“Gold eyes? No problem!” In the photograph on the banner, a model was grinning and pointing toward a structure that looked like a squat stucco house. “Check into your local safe house every full moon and new moon!”
Golden eyes were the universal symbol of shifters. Some of them had silver eyes, but they were the good kind, the type with more control over their animals. Or so they said. There was a push from silver-eyed shifters to be exempted from the brand new regulations saying all shifters had to spend their moons in safe houses.
The ad made it look real nice. Lincoln had stopped to stare at one of those billboards before, drinking in the sight of the flowers lining the sidewalks, the friendly signage, the beautiful model. There were three safe houses around downtown and midtown Reno alone. One on First, one on North McCarran, one over on Plumb. None of them had flowers.
The government was especially struggling to manage a world with thousands of shifters that hadn’t been there before. They’d commandeered bunkers, warehouses, anywhere with barred windows that could hold supernaturally strong people who didn’t know how to control their beasts.
The law said shifters needed to go to such safe houses.
But some of them didn’t.
Some did, but broke out.
Hence the curfew.
The sun had dropped behind Harrah’s, casting the streets in blue-black shadow. The Aces stadium darkened as Lincoln trudged past. He didn’t have to look up to see the big baseball over the ticket stands go dark; it had been bright enough to glint gold on the sidewalk where he stared. Arroyo darkened when he walked past too, and so did the signs outside an art studio, until the only light left on the street was from those damn OPA billboards.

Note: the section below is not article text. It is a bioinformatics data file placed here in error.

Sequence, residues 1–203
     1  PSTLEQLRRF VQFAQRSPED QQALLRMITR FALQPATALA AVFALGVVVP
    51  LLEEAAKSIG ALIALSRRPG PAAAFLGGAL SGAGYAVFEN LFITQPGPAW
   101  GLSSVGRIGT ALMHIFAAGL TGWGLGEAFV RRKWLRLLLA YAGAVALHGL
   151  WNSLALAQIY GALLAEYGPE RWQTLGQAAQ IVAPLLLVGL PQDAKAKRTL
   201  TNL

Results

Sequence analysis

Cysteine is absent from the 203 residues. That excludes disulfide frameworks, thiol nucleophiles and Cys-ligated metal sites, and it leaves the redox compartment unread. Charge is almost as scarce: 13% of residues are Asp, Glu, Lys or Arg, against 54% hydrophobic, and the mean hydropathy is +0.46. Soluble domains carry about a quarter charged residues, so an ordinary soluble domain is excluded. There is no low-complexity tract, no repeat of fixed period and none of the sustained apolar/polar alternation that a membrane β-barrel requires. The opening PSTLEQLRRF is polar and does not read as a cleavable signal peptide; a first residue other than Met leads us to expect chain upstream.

“Answer the call!” A staggeringly attracting man was beckoning toward the camera. He looked like his skin was glowing on the inside. He had wings like a butterfly. “Get screened for sidhe blood at United Health Services!”
Lincoln heard voices behind him.
“It’s him again. Is he following us?”
“Don’t, Javi.”
His night was getting luckier. Turning away from the ambulance meant Lincoln had accidentally gone the same way as Spencer and Javi. They were ahead of him, looking back his way, golden eyes glinting in the casino billboard lights.
Lincoln got to the corner—a pay by the week motel with an art deco sign and a blinking light that said “VACANCY.” Most of the hotel rooms were dark. He’d break into one of them, sleep as long as he could behind the bed. They’d probably give him a room free if he asked, since the government claimed to reimburse hotels that accommodated people displaced by Genesis, but Lincoln didn’t want to ask. Not for that, not for anything else.
“Just keep walking,” Spencer said, trying to push his friend.
Javi resisted. “But he took my cross!”
“I’ll give you mine, all right? The safe house—”
“Hey! Asshole!”
That was all the warning Lincoln had. One shouted insult, a couple fast-pounding footsteps, and then Javi struck.
Brick wall met face.
Stars exploded through Lincoln, hot and sick and tasting like the stale canned lima beans he’d eaten two days earlier.
They were going to kill him this time.
Lincoln was going to die.
Lying there on the pavement, looking at the shifters’ legs as they swung and kicked and knocked his teeth out of alignment, he thought he saw a third person watching over him. A woman wearing black leather and a disapproving frown. He remembered the way her colorless skin had tasted when he fucked her in the shower, damp and sweaty and a little like blood, and he remembered her flat tone perfectly too. *Seriously, Linc? You’re just going to sit there?*